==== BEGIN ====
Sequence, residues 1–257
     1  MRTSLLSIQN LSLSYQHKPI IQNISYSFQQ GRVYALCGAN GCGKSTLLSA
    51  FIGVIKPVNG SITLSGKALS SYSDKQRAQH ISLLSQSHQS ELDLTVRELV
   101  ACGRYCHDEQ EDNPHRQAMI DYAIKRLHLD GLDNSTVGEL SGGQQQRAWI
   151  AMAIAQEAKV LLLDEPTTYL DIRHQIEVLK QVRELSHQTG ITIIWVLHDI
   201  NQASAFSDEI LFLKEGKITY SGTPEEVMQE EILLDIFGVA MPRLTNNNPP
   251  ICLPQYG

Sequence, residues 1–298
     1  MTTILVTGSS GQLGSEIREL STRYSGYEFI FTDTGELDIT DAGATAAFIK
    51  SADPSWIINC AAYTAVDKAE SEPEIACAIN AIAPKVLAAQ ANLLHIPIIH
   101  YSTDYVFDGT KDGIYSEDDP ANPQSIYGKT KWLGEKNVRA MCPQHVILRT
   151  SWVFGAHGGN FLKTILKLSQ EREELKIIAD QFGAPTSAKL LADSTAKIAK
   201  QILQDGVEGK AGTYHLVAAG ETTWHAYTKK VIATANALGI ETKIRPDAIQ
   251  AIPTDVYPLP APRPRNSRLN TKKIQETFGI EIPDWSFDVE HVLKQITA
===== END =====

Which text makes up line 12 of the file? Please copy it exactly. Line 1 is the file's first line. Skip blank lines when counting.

   151  SWVFGAHGGN FLKTILKLSQ EREELKIIAD QFGAPTSAKL LADSTAKIAK